Thursday, December 24, 2015

Reflection on the Star Wars Universe

Reflection on the Star Wars Universe

I’d like to make a quick programming note about my exploration of the Star Wars Expanded Universe and any further Star Wars related reviews in the near future. When I started investigating the Star Wars EU many months ago, I wasn’t exactly sure what to expect. Would the novels recreate the joy twelve-year-old me had of discovering a galaxy beyond the original three films? Or would they be embarrassingly bad like so much of the popular cultural detritus of the past? Turns out it was somewhere in between.

As much as I enjoyed revisiting the Star Wars EU, not all of it worked. At the very least, even those works that capture the character and feel of the original trilogy--such as the Thrawn Trilogy--were hampered by the fact that the Clone Wars saga had not been fleshed out, meaning any references to events prior to A New Hope never fully meshed with George Lucas’s overall plan as it unfolded from 1999 to 2005. But there were also some goofy ideas that felt like hastily written fan fiction (Dark Empire, I’m looking at you).

I’m planning on continuing my journey through the Star Wars EU. After all, I still have to finish off the Thrawn Trilogy. It will be interesting to see the Star Wars EU now that we have a very real “official” vision of how the saga should continue. I would also like to take a look at the new ancillary novels and comics that have the Disney stamp of approval. Of course, I won’t be able to immerse myself in all Star Wars all the time. I think it was Jesus (aka Young Anakin) who said, “Man cannot live by Star Wars alone.” But I might keep this up until the release of Episode VIII. Hell, I haven’t even watched those Ewok movies yet, which will likely require some time, whisky and gumption to get through.

Finally, I wonder how my time spent in the Star Wars EU affected my experience watching Episode VII. As I noted in my review, I liked Episode VII, but I was also ambivalent about how much of A New Hope the film borrowed. If anything, familiarity with the Star Wars EU eased expectations I had of Episode VII. Of course, the roman numerals in the title ask the audience to see this entry as even more important. They’re telling us that it’s a part of the cyclical myth of the Skywalker family, which has always been central to Lucas’s vision. But, at the same time, it’s also one of hundreds of stories told using tools fashioned by Lucas. I love having all of these stories, but they by necessity make the films a little less special. After all, if you increase the supply, then the value of the “product” diminishes.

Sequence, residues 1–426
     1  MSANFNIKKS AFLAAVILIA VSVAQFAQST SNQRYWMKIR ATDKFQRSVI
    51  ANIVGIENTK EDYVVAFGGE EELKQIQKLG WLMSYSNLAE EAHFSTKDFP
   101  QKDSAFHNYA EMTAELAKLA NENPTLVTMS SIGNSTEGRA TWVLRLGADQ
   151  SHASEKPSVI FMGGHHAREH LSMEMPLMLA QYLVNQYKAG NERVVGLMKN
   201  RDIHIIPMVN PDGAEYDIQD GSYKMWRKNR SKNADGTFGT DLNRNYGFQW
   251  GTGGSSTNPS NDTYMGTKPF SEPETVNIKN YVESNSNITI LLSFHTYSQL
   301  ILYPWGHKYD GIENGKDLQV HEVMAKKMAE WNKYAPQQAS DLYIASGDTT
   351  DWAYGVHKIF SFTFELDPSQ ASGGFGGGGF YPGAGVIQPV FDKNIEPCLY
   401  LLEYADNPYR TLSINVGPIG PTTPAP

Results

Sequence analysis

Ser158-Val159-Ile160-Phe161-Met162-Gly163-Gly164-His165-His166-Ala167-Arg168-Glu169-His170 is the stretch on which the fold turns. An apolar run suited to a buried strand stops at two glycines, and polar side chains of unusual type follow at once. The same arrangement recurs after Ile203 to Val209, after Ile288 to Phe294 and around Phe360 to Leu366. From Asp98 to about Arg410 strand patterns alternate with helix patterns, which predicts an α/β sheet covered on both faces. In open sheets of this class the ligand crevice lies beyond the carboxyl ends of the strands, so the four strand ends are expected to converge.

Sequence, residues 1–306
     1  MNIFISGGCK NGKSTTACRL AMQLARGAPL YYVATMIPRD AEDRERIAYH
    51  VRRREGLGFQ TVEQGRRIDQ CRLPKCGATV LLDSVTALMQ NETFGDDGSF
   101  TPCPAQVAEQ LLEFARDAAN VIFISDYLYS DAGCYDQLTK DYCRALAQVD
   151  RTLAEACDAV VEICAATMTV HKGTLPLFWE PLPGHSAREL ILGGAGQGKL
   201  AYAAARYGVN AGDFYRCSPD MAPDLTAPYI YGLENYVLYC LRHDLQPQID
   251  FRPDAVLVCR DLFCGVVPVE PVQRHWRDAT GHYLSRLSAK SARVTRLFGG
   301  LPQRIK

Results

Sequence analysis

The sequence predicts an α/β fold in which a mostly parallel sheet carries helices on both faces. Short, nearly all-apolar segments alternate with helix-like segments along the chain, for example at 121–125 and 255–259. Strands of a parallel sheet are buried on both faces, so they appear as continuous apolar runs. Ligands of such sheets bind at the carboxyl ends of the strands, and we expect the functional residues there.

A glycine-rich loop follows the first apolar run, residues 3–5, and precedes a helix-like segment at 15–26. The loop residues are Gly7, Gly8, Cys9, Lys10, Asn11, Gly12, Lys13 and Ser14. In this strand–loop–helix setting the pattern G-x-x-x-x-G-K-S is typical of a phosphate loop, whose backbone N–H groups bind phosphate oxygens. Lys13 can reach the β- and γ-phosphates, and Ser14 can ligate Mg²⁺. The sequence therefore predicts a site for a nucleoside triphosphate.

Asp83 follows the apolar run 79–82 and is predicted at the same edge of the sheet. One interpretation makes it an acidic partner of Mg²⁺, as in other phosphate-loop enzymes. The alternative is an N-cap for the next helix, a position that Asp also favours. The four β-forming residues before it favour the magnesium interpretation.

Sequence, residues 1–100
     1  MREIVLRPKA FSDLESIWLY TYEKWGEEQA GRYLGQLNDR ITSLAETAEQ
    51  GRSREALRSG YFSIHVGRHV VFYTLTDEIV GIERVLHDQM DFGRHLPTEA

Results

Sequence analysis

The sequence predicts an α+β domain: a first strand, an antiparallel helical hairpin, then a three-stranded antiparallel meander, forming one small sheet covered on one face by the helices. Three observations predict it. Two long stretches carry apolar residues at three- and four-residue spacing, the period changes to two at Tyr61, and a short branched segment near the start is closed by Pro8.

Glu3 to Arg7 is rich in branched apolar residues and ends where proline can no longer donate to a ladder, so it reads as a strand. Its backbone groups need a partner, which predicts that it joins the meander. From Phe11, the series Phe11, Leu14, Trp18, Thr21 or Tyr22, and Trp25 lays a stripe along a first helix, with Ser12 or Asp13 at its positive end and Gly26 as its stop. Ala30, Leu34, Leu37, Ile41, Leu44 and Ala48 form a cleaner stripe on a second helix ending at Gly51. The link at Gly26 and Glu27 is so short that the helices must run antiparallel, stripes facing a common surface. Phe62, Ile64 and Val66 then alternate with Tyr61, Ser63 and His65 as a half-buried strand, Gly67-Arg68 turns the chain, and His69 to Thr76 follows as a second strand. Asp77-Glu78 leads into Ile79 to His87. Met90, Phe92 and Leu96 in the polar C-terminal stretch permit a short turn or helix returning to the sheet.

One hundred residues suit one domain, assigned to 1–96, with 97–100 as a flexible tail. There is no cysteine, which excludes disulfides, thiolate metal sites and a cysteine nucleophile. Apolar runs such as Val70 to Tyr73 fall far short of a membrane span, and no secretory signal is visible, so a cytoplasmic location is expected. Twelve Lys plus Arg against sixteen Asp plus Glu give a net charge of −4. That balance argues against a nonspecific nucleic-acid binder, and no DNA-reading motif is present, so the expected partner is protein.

For me, the original trilogy will always be the very heart of Star Wars. After that, the prequels and the Clone Wars cartoon constitute Lucas’s insane and uneven vision. Everything else, good and bad, will stand apart. And I’m okay with that. I love Lucas’s influences and the world he built, and I’m just happy to get some more stories told within that galaxy. For now, I’ll take it.

Saturday, December 19, 2015

Star Wars: Episode VII--The Force Awakens

Star Wars: Episode VII--The Force Awakens (4/5)

For many Star Wars fans, they have been waiting thirty-two years for The Force Awakens, both because the film continues the story of Han, Leia, and Luke and because they don’t consider the prequels a worthy follow up to the original trilogy. Disney, the new corporate stewards of Star Wars, seem to be acutely aware of fan reaction, and they have crafted Episode VIII with these disgruntled fans in mind. In order to do so, they brought in J.J. Abrams who has garnered a reputation as a fixer when it comes to franchises run astray. He directed an installment of Mission Impossible after Tom Cruise’s star had fallen, and then he helmed the rebooted Star Trek as well as its unsuccessful sequel. From his first announcement as director, I was disappointed to see J.J. Abrams in charge, largely because it seemed like such an unimaginative choice. Without a doubt, The Force Awakens is the best outcome we can expect from someone like J.J. Abrams (which I know is both something of a compliment and an insult).

I’ll try to make this review relatively spoiler free, but if you want to go in without knowing anything beyond what you may have gleaned from the trailers, then you might want to skip the review until you’ve actually seen the film.